[co-author: Katy O’Connor]
In the build-up to his appointment as chief executive of the Financial Conduct Authority (FCA) in 2020, Nikhil Rathi stated that his vision for the regulator involved “a stronger, prompter approach to enforcement”. This intention has been echoed over the three years since, with Rathi referring to the goal of “fewer, faster Enforcement investigations” during his speech to a room of senior financiers at the annual City Dinner as recently as October 2023. His comments were welcomed by regulated firms and individuals, some of which have been under the FCA’s investigation for as many as five years.
Evidence of the FCA’s commitment to bolstering its enforcement team was seen earlier this year when Therese Chambers and Steve Smart joined forces as co-executive directors of the FCA’s Enforcement and Market Oversight Division (EMO). What was once considered a one-person job is now occupied by the combined expertise of Chambers, who brings two decades of internal FCA experience, and Smart, former director of intelligence at the National Crime Agency (NCA).
Chambers’s first speech in her new role, “Do the right thing”, contained several clues as to which direction she intends to co-steer the division and indicated a clear alignment with Rathi’s objective of assertive and efficient enforcement. She issued a stern warning that firms ought to “get their ducks in a row now” as “[t]here really is nowhere to hide”.
Chambers also made a series of pointed remarks about the conduct of legal professionals who caused delays and obstructions in FCA investigations. She suggested that defence lawyers have resorted to “aggressive diversionary tactics” to block enquiries, thus prolonging the timeline of cases. She cautioned that such tactics could adversely affect both the reputations of those being investigated and the regulatory outcomes of their cases.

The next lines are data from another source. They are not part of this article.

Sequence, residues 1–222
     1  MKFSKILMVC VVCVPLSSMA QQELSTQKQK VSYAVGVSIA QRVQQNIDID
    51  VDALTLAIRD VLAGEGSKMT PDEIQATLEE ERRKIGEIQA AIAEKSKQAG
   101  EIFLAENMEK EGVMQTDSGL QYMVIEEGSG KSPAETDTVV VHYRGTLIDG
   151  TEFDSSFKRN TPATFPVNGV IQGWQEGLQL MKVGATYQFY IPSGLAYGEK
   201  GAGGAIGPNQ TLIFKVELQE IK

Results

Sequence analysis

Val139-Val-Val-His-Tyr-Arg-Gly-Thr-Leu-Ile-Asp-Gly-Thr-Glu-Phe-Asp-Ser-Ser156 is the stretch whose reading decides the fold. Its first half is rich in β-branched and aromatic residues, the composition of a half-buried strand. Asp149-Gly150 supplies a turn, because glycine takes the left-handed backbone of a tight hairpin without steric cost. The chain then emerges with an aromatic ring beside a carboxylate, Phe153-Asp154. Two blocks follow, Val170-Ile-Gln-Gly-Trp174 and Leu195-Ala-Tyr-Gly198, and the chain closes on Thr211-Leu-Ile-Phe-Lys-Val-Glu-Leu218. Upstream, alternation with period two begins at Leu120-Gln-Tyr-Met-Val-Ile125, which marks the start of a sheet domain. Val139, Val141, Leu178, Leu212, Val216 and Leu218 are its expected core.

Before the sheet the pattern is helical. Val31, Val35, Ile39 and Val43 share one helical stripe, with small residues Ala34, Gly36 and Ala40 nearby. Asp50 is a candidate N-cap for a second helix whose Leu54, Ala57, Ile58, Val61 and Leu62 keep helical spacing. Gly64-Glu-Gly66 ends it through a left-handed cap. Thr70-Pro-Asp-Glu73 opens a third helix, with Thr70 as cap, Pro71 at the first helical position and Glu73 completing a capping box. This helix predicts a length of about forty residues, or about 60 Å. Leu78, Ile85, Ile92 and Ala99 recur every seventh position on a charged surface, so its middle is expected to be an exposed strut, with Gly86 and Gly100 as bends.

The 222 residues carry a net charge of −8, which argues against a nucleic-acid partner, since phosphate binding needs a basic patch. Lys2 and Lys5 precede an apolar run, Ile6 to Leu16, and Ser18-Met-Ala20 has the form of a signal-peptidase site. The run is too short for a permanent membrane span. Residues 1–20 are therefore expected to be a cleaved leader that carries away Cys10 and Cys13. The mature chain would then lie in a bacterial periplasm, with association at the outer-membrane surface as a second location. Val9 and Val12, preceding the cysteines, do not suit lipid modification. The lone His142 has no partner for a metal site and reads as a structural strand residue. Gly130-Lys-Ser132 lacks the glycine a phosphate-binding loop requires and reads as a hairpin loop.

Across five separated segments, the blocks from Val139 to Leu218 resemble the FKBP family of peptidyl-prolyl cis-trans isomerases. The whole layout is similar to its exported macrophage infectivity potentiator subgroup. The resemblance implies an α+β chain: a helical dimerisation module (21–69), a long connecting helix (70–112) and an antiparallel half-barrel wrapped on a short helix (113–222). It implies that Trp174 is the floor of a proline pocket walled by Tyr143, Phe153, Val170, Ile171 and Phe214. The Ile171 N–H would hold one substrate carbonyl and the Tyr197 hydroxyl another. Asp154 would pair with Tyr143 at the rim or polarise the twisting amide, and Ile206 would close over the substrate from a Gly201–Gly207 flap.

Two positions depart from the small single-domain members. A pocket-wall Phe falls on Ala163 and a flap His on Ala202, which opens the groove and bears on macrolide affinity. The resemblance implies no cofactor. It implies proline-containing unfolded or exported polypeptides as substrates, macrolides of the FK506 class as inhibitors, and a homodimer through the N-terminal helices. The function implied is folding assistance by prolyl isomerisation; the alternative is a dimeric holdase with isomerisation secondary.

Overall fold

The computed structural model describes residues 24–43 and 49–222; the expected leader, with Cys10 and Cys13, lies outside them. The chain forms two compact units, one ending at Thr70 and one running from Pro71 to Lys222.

If reducing the quantity of enforcement cases is high on the FCA’s agenda, then a rigorous and preemptive supervisory practice is key to achieving this. With nearly 50,000 firms under its regulation, supervision accounts for a significant portion of the FCA’s day-to-day activities. However, while supervisory powers have always been in the FCA’s toolkit, the regulator previously faced accusations of passivity in this department, most notably in the 2020 Gloster report.
Since then, the FCA has adopted a more assertive approach to supervision, as exemplified by the 613 financial-crime supervision cases the regulator opened in the financial year (FY) 2022-23, an increase of more than 65 percent from the year before. The FCA’s most recent annual report also announced the development of its new fraud team, whose initial tasks include delivering a fraud framework intended to be internal to the FCA and developing a data dashboard to be used by the FCA when assessing firms’ internal anti-fraud systems and controls.
The FCA’s approach to supervision is guided by its ambition to become a data-led regulator. This is evident in the ever-expanding field of sanctions supervision, in which the FCA is collaborating with the Office of Financial Sanctions Implementation (OFSI) to gather data that can be used to evaluate firms’ sanctions-screening systems and undertake a “deep dive” into their controls. In the past year, the FCA has used these data capabilities to review nearly 100 suspected sanctions breaches and conduct 38 proactive assessments of firms’ sanctions controls.
The recently passed Financial Services and Markets Act (FSMA) 2023 also contains provisions that will empower the FCA to expand its supervisory activities further. Among the duties allocated to the FCA by FSMA is the supervision of third parties providing services to financial-services firms, a role to be coordinated between the FCA and the Bank of England (BoE). A consultation is planned to be held before the end of the year, during which stakeholders can contribute to shaping the supervision’s operation.
Judicial criticism of the regulator